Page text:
More women are using cannabis to treat morning sickness

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Cannabis is touted for its ability to reduce nausea and vomiting so it’s not so surprising that women in the early stages of pregnancy would feel inclined to turn to cannabis to ease their morning sickness symptoms. In fact, researchers have pointed out in a study published this week that cannabis use among pregnant women is at an all-time high.

The study, published in the medical journal JAMA, found that women are most likely to use cannabis during the first trimester of their pregnancy and that the percent of pregnant women using cannabis increased from 3.4% in 2002 to 7% in 2017.

The researchers of the study analyzed data from participants of the National Survey on Drug Use and Health. They looked at results from 4,400 pregnant women and 133,900 nonpregnant women who had been asked about their current pregnancy status, past-month cannabis use, how many days cannabis had been used in the past month as well as daily use of cannabis.

The study found that women were using cannabis for both medical and nonmedical reasons, but also found increases during pregnancy:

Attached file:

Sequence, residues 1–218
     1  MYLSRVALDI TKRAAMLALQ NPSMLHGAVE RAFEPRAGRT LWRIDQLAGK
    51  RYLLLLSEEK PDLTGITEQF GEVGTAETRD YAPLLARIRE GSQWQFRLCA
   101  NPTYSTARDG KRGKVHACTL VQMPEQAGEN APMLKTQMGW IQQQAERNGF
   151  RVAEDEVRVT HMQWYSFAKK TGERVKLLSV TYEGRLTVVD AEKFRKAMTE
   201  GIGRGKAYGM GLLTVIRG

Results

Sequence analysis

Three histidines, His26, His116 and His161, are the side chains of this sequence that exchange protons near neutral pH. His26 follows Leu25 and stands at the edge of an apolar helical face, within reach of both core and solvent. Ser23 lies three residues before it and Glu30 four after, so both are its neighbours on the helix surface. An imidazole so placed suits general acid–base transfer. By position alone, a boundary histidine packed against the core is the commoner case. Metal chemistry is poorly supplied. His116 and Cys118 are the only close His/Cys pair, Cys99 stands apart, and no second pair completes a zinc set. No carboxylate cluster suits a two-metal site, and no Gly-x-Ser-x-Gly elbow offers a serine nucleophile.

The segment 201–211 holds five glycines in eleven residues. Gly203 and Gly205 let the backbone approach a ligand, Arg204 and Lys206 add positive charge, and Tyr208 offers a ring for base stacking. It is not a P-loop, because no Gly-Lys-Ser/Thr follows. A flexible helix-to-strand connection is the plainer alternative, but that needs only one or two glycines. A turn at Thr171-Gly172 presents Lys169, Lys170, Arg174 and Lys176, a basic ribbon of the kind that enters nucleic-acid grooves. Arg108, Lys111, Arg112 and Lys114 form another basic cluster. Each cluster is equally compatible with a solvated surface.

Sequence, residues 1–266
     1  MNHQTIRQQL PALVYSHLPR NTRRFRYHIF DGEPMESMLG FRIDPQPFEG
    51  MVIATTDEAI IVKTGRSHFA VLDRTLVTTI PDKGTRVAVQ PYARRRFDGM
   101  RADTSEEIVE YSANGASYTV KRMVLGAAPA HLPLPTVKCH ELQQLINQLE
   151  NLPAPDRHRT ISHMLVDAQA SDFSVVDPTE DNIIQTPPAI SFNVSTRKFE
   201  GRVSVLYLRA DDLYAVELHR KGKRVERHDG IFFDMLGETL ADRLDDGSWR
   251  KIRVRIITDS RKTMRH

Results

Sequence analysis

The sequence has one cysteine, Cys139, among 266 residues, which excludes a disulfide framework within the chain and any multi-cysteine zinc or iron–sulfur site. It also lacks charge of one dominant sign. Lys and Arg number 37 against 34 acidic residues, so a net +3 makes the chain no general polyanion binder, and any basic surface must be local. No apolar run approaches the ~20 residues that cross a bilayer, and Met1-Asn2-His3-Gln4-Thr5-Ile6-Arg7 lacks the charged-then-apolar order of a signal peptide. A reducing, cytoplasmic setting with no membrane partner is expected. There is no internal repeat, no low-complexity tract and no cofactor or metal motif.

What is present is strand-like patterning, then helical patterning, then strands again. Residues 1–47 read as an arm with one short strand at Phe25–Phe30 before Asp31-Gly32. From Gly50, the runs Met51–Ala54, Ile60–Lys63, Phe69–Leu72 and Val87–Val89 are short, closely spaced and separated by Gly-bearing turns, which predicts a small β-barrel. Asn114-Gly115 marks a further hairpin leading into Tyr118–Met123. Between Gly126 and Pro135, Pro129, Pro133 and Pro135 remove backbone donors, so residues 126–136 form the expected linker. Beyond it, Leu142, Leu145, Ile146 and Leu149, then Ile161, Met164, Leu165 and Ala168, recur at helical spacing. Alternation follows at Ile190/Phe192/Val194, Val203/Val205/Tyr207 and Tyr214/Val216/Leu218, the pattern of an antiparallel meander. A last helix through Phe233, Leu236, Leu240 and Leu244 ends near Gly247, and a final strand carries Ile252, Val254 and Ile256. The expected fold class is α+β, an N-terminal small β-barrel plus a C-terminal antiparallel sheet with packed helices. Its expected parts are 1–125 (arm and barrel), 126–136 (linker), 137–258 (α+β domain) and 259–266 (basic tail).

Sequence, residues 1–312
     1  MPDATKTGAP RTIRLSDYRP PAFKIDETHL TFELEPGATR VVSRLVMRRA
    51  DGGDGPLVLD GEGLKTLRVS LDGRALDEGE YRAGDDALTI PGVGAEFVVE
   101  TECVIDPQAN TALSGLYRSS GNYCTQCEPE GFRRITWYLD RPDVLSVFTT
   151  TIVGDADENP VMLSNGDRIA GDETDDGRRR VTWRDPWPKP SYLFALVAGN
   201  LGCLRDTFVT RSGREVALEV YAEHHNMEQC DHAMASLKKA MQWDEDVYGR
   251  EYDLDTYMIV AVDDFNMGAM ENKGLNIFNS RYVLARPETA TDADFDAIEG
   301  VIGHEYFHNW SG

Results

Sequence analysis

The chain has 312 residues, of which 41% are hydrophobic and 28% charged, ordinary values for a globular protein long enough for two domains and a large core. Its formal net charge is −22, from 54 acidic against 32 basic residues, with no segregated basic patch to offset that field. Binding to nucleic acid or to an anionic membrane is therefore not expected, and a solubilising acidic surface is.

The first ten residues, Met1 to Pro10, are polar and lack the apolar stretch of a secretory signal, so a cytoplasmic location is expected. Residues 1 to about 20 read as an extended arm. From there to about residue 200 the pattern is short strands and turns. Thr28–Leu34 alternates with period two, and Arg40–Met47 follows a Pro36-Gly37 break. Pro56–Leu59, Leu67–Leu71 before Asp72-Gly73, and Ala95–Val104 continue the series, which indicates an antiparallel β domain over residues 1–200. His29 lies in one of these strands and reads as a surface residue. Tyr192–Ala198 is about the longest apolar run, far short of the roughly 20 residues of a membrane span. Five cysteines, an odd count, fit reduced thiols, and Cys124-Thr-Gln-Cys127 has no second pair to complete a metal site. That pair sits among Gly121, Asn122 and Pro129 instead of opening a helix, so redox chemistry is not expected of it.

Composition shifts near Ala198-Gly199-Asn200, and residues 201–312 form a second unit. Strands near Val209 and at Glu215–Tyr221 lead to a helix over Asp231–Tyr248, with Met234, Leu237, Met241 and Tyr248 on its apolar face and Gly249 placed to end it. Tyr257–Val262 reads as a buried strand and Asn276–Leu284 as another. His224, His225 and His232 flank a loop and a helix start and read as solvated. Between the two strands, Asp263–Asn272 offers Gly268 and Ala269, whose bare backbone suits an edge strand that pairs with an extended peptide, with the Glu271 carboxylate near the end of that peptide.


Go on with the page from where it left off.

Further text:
• Daily or near daily cannabis use increased from 0.9 percent to 3.4 percent
  • Daily or near daily cannabis use during the first trimester increased from 1.8 percent to 5.3 percent
  • Daily or near daily cannabis use during the second trimester increased from 0.6 percent to 2.5 percent
  • Daily or near daily cannabis use during the third trimester increased from 0.5 percent to 2.5 percent

One of the concerns brought to light by the study is that many of the women who were using cannabis during pregnancy did not have cannabis recommended to them by a physician.

“Although many states have approved cannabis for nausea/vomiting (including in pregnancy), the results suggest that clinicians might not recommend it during pregnancy,” the authors of the study wrote.

The effects of cannabis use during pregnancy have not yet been established which makes many doctors weary of recommending that patients continue consumption while pregnant or as an aid to relieve morning sickness.

“Cannabis use during pregnancy has been associated with effects on fetal growth, including low birth weight and length, and these outcomes may be more likely among women who consume marijuana frequently during pregnancy, especially in the first and second trimesters,” the National Institute on Drug Abuse (NIDA) said in a press release. “This study emphasizes the need to screen and intervene for cannabis use among all pregnant women and underscores the need for additional research to assess fetal outcomes related to prenatal cannabis exposure.”

Dr. Nora Volkow, the lead author of study and Director of NIDA said “because we don’t know exactly how harmful it is, it’s better to err on the side of caution,” and that “it’s not worth the risk”.

It’s always recommended that women consult their physician on using any kind of cannabis product, or any other medication and substances while pregnant or if they are planning to become pregnant.

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